The 800mm images should provide one-inch resolution for examination of landing gear door and external tank umbilical door seals. The 400mm will yield three-inch resolution.

After completing the RPM maneuver, Discovery will fly directly ahead of the space station with the shuttle's nose facing deep space and its cargo bay pointed at the lab complex. Then commander Lindsey will guide the spacecraft to a docking with a pressurized mating adapter attached to the Harmony connecting module.
1812 GMT (1:12 p.m. EST)
Discovery is 650 feet directly beneath the space station as the duo approach the western coast of South America and Peru.
1810 GMT (1:10 p.m. EST)
Station astronauts are getting ready for their job to photograph Discovery's heat shield during the backflip about five minutes from now. Italian Paolo Nespoli will use the 800mm lens and NASA astronaut Cady Coleman will shoot 400mm pictures.
1809 GMT (1:09 p.m. EST)
Setup steps for the backflip are complete. The maneuver occurs once the preset window opens with the best lighting conditions.
1805 GMT (1:05 p.m. EST)
Discovery mission specialist Nicole Stott previewed her work on docking day in this preflight interview:

"We have the whole process of burning our engines to get in the right orbit and plane with the station we can dock and one of the moves that has become very popular with people watching I know is this rendezvous pitch maneuver that we'll do before we dock with the station where the shuttle basically does a full 360 so that the crew on station can take some detailed photos of the belly and different areas of the shuttle to make sure we don't have any damage and then we move in for the actual docking and I'm really looking forward to that.

"This'll be the first time that I've had the chance to like have hands on with the docking system that actually captures the station with the shuttle so I'm sure that's going to be pretty impressive and then we get docked and pretty quickly, once we do all our pressure checks and open the hatches, we're over there."
1803 GMT (1:03 p.m. EST)
The shuttle's closure rate has slowed in preparation for commander Steve Lindsey to park Discovery directly below the space station for the upcoming backflip.
1800 GMT (1:00 p.m. EST)
Orbiter is 1,200 feet beneath the station now, closing at 1.6 feet per second
1758 GMT (12:58 p.m. EST)
Discovery commander Steve Lindsey previewed the docking in this preflight interview:

"For rendezvous, I do the manual phase where I take over the vehicle at about 2,000 feet away from space station, fly up to position underneath the space station, do something called an RPM, Rotational Pitch Maneuver, or R-bar Pitch Maneuver which is basically is just a 360 backflip so that the space station crew can take pictures of our tiles and make sure they're okay from a thermal protection systems standpoint. Then I'll fly around the front of the vehicle and manually fly in to do the docking."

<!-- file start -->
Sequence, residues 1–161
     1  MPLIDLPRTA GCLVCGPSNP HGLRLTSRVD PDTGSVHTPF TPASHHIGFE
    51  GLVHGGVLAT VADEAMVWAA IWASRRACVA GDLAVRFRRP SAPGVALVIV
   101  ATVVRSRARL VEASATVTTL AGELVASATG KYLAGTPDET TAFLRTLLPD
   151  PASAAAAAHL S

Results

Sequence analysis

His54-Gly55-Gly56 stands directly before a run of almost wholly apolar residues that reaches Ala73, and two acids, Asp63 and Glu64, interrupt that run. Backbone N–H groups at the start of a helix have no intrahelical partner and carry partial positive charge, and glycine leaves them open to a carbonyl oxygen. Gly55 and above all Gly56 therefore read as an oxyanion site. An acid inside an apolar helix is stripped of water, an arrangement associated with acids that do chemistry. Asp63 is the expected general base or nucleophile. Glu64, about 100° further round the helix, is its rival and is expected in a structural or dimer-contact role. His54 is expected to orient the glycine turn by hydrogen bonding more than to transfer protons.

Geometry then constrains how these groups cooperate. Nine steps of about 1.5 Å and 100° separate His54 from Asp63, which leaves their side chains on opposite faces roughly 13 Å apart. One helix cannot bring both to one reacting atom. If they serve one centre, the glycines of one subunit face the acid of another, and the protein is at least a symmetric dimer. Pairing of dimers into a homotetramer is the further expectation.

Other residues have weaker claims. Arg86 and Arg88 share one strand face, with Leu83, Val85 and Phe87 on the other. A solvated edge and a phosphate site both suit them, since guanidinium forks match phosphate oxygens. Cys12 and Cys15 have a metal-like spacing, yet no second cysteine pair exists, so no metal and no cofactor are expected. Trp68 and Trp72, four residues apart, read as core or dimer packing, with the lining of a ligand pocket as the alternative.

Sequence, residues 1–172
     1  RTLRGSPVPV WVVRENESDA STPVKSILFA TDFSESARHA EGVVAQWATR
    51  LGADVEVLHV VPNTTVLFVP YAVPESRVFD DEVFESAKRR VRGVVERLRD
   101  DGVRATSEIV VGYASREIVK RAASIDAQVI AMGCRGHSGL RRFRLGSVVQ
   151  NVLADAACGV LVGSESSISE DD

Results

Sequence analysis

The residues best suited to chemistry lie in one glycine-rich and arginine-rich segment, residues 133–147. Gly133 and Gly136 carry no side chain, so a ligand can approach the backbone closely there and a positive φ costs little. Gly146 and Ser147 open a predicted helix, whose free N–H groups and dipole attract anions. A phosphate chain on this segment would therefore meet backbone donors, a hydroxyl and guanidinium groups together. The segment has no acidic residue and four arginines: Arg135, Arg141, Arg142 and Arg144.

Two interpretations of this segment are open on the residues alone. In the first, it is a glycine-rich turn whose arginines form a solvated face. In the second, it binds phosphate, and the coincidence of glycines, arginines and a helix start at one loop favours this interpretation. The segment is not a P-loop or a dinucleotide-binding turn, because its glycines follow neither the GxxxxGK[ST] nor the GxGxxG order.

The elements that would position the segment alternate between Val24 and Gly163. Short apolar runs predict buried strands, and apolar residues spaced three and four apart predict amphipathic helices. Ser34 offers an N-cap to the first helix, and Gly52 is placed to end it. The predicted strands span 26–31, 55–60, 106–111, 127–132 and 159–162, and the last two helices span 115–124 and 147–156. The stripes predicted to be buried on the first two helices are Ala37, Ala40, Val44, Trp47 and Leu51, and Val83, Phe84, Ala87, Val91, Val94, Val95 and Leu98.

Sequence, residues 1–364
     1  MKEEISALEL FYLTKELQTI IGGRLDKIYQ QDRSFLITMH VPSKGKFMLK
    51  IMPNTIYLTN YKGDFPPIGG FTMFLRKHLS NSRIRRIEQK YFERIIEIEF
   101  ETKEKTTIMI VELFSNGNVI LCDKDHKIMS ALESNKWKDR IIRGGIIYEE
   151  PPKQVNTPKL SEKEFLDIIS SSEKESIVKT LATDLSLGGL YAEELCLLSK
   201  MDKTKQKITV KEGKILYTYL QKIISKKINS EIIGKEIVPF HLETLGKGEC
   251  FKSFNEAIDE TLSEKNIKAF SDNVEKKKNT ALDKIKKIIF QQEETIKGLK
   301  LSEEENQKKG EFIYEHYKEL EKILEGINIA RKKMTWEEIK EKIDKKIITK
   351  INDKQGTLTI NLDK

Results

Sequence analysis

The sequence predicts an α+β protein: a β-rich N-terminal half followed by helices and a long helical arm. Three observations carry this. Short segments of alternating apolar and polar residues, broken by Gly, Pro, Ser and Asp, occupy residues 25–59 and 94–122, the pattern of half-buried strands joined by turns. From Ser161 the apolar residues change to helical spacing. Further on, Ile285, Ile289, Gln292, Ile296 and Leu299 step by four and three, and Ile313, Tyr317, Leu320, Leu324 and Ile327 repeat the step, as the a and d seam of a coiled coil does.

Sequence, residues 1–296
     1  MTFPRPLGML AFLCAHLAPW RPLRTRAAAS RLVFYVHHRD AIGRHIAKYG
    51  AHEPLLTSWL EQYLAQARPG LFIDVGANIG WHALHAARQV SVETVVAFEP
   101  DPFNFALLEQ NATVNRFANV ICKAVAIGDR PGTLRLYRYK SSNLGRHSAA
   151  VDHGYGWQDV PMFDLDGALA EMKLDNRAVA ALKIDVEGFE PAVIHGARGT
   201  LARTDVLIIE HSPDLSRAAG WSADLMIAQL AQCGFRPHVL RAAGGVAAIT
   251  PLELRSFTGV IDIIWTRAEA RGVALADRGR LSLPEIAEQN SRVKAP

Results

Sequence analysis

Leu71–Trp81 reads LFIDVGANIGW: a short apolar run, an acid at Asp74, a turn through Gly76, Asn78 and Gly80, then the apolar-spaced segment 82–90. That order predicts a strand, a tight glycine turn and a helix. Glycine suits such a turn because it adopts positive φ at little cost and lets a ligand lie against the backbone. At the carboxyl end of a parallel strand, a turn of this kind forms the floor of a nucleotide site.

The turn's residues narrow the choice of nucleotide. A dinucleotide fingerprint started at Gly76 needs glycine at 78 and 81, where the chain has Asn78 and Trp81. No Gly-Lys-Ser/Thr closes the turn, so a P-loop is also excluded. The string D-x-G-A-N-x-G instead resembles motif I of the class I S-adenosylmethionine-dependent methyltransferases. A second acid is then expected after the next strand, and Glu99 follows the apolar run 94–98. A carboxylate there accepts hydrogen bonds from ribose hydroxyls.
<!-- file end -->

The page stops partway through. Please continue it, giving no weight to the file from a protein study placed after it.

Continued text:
1756 GMT (12:56 p.m. EST)
Mission Control has given the shuttle crew a "go" for the backflip maneuver. The 360-degree flip should start in about 19 minutes.
1755 GMT (12:55 p.m. EST)
One final mid-course correction burn just occurred as Discovery flies toward the station.
1754 GMT (12:54 p.m. EST)
the European ATV-2 freighter docked to the station's rear port has positioned its solar arrays in the proper orientation for the shuttle's arrival.
1753 GMT (12:53 p.m. EST)
Distance separating the two spacecraft has closed to 2,200 feet.
1750 GMT (12:50 p.m. EST)
The shuttle is 3,000 feet from the station, closing at 5.5 feet per second.
1745 GMT (12:45 p.m. EST)
Just about 90 minutes from docking. All continues to go well in today's rendezvous.
1744 GMT (12:44 p.m. EST)
The third course correction has been completed to tweak the flight path toward the International Space Station. This was a 1-second reaction control jet firing that changed the shuttle speed by 0.24 feet per second.
1740 GMT (12:40 p.m. EST)
Discovery is inside 8,000 feet now, closing at 11 feet per second.
1735 GMT (12:35 p.m. EST)
The shuttle is 12,000 feet from the station, closing at 14 feet per second.
1728 GMT (12:28 p.m. EST)
Discovery has performed another of the available mid-course burns.
1726 GMT (12:26 p.m. EST)
Now 20,000 feet left to go.
1718 GMT (12:18 p.m. EST)
Voice communications have been established on the "big loop" between the shuttle and station crews so the astronauts can talk to each other on one channel.
1714 GMT (12:14 p.m. EST)
The shuttle is 35,500 feet from the station, closing at 20 feet per second. The speed will ease over the next hour until Discovery completely stops beneath the station for the backflip maneuver.
1654 GMT (11:54 a.m. EST)
The shuttle just completed the first of four available mid-course correction burns during this approach to the station.
1650 GMT (11:50 a.m. EST)
Discovery mission specialist Mike Barratt previewed his work on docking day in this preflight interview:

"Well, docking day, as we call it D-Day is a very big day for all of us. It involves the entire crew. All six of us will be involved in that. Steve Lindsey and Eric Boe as the commander and pilot will obviously be doing all the dynamic flight operations. My job will be to follow the entire docking timeline along with those two gentlemen and make sure that all of our navigational sensors, the things that allow us to come together to make our correction burns and eventually to dock with the station, are all working in an integrated fashion.